Now that it’s officially spring, it’s time to introduce our next travel plan. On Friday, April 3, we take off for Miami, the Florida Keys and Grand Cayman Island. A friend’s recent move to Georgetown, Grand Cayman was the original inspiration, but we figured as long as we’re going that direction, we might as well throw a few national parks into the itinerary, right? So our trip will begin by flying into Miami and spending two nights in the Art Deco District in South Beach. Normally we would use Hotwire to book lodging in a major city, but an Orbitz coupon proved to be the better deal and we made reservations at the Clay Hotel. It’s in the perfect location for exploring Miami Beach and is easily accessible from the airport via the Miami Beach Airport Flyer bus route. Tip: Always check public transportation options from airport to city as we’ve found car rental rates to be much higher when picking up from an airport location as opposed to a central city office. Also, we won’t need a car that first evening, so it saves us a day’s rental fee.
The following morning we’ve reserved a car in Miami Beach and we’ll drive west and spend the day visiting Everglades National Park. The Flamingo Visitor center on the Gulf Coast is just a two-hour drive from Miami and other areas of the park are even closer. Everglades National Park protects a fragile ecosystem of wetlands and forests fed by a slow moving river flowing from Lake Okechobee to Florida Bay. It has an amazing diversity of plant and animal life and is an International Biosphere Reserve, World Heritage Site and a Wetland of International Importance. Major activities include hiking and biking as well as the expected boat tours and wildlife watching. We’ve reserved a backcountry pontoon boat tour but will play the rest by ear. Back in Miami Beach for the evening, we’re looking forward to partaking in the restaurant and bar scene around town. We haven’t decided just where we’ll go yet, but our options look promising.
The next day will be spent leisurely making our way down the Florida Keys. Biscayne National Park is located just south of Miami, but disappointingly has no current vendor to offer tours or rentals, so our stop will mostly be limited to the visitor center and shore. Since 95% of the park lies underwater, that’s a major buzzkill. Hopefully they’ll get the issue resolved soon. Key West is 140 miles from Biscayne National Park, and we’ll spend the rest of our day making our way there by way of the Overseas Highway and its 42 bridges. On the way we’ll make stops at state parks and the National Key Deer Refuge on Big Pine Key.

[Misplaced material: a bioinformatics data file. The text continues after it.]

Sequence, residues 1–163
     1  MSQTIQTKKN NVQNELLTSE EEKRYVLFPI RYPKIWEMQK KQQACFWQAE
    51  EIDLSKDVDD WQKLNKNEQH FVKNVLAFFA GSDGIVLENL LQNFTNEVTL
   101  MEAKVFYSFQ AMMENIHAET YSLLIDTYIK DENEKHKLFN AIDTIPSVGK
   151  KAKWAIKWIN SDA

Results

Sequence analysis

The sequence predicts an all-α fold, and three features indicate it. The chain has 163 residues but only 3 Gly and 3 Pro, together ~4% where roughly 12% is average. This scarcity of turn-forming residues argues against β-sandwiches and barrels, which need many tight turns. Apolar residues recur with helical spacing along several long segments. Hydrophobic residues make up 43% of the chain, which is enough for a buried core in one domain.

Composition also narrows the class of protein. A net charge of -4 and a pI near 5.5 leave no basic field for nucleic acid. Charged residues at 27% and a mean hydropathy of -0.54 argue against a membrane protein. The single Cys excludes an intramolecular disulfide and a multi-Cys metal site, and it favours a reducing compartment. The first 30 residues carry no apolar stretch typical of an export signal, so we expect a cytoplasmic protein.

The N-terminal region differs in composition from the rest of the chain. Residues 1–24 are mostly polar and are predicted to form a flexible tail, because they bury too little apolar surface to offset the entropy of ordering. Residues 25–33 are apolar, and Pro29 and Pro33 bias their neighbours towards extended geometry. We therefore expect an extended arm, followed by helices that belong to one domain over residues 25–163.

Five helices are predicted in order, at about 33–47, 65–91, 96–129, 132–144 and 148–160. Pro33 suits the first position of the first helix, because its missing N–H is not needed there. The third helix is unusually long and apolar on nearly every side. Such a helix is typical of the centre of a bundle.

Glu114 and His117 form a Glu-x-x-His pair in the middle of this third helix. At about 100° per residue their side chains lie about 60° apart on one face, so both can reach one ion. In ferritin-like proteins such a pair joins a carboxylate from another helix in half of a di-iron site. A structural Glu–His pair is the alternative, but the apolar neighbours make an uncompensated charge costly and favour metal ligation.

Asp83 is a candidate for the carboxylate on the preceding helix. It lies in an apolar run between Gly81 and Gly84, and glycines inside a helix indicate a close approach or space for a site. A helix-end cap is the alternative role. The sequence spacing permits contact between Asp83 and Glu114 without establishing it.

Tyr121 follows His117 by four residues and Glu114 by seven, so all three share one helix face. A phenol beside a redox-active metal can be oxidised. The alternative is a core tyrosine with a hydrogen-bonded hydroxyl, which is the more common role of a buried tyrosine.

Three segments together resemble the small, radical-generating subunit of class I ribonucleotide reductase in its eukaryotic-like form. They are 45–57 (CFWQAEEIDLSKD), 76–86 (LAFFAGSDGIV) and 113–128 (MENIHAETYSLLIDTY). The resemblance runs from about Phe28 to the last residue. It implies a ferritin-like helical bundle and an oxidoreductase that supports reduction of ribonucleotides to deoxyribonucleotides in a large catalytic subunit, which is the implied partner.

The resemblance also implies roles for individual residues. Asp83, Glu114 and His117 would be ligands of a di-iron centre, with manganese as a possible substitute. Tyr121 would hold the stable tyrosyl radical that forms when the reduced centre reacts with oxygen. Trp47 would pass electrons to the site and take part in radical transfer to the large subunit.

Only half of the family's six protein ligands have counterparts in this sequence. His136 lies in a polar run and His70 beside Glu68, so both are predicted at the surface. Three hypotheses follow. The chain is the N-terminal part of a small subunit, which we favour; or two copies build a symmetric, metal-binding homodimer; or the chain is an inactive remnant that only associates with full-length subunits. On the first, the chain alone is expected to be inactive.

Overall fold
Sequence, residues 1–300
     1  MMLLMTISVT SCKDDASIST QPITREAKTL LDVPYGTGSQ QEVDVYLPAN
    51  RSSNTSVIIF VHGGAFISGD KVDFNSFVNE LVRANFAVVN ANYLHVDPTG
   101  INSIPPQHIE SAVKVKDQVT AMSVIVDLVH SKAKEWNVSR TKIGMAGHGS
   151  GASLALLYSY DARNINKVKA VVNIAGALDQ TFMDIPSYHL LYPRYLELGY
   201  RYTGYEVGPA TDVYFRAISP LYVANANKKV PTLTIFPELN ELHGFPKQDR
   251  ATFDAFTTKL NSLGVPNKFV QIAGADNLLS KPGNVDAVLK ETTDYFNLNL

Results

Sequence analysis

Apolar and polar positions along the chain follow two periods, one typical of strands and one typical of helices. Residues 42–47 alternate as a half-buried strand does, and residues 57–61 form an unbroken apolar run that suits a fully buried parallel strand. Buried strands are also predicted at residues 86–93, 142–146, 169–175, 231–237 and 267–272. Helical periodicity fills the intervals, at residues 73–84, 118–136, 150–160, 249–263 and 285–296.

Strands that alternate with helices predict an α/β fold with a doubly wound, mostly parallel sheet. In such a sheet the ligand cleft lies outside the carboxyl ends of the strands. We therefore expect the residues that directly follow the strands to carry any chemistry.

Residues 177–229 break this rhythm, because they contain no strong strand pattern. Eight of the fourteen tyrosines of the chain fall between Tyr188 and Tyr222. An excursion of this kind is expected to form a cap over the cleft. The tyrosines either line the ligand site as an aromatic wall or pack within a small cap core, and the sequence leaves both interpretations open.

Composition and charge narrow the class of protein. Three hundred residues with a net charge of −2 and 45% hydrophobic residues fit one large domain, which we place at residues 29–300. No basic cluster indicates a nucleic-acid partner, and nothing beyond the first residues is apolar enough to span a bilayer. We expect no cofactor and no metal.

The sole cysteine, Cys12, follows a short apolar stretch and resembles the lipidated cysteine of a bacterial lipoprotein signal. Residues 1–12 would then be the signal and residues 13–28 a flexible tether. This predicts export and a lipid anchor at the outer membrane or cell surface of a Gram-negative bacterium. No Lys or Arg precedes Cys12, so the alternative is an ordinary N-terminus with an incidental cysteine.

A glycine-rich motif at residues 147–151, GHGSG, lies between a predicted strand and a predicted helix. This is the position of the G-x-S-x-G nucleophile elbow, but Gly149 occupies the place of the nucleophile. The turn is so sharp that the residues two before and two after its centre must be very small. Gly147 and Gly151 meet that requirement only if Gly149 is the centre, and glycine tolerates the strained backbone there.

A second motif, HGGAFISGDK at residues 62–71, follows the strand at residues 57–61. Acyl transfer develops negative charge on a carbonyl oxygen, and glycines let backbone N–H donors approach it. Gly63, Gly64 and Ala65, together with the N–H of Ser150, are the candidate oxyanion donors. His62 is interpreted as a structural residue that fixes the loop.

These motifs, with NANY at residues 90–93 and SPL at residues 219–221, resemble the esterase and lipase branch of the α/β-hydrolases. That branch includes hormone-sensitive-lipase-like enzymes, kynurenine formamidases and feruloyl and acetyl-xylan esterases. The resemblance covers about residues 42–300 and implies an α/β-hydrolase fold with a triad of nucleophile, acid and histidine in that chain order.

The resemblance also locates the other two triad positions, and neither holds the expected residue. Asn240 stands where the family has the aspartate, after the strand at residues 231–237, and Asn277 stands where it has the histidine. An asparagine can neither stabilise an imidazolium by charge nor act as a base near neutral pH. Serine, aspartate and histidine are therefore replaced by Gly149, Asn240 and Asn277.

Finding affordable lodging in Key West was one of the biggest challenges in planning this trip. April is their high season so rates are at their peak. We stumbled upon NYAH (Not Your Average Hotel) on TripAdvisor and found the rates to be reasonable, the location great and the facilities new and clean. We’ll spend the next three nights there’s exploring the wonders and weirdness of Key West. One day will be spent on a full-day visit to Dry Tortugas National Park. This is one of the most difficult of all the national parks to get to as it is located 70 miles directly west of Key West in open ocean; the only way to get there is by boat or seaplane. It contains the historic Fort Jefferson, some small, uninhabited keys and lots of underwater wildlife habitat. We pre-booked our travel through drytortugas.com on board the Yankee Freedom III. It takes 2.5 hours to reach Fort Jefferson. Upon arrival there is a fort tour, lunch and complimentary snorkeling equipment provided. After about 5 hours at the park it’s time to board the boat and head back to Key West in time for dinner. Adventurous types can stay behind and camp overnight on the beach, but that seems a bit extreme.
The next portion of the trip is a flight from Key West to the British Overseas Territory of the Cayman Islands. We’ll spend 4 nights in George Town, Grand Cayman with a lucky friend who recently relocated there for work. If you want friends to visit, move to a tropical island. The Islands are probably best known as a tourism destination, with pristine beaches, snorkeling, boat trips and beachside resorts and bars. Secondly it is known for being one of the world’s largest offshore financial centers and a major tax haven. It is the world’s fifth largest banking center, despite having a population of only around 60,000. The Cayman Islands have been affected by more tropical storms and hurricanes than any other place in the Atlantic basin, but weather in April should be ideal. High temperatures are consistently in the mid-80s throughout the year and early spring months are the driest.
So far we’ve planned (with some local help) a sunset cruise along 7 mile beach, a daylong party boat cruise (happy birthday), a historical island tour, an evening bioluminescence kayak tour (the stuff in the water glows in the dark), and a four-course, four-restaurant “flavor tour” dinner. Obviously there will be significant time allotted to laying on the beach, because every once in a while we like to relax too.
This trip will add three national parks to our visited list, bringing the total to 31.
Keep an eye on our page while we travel April 3-12.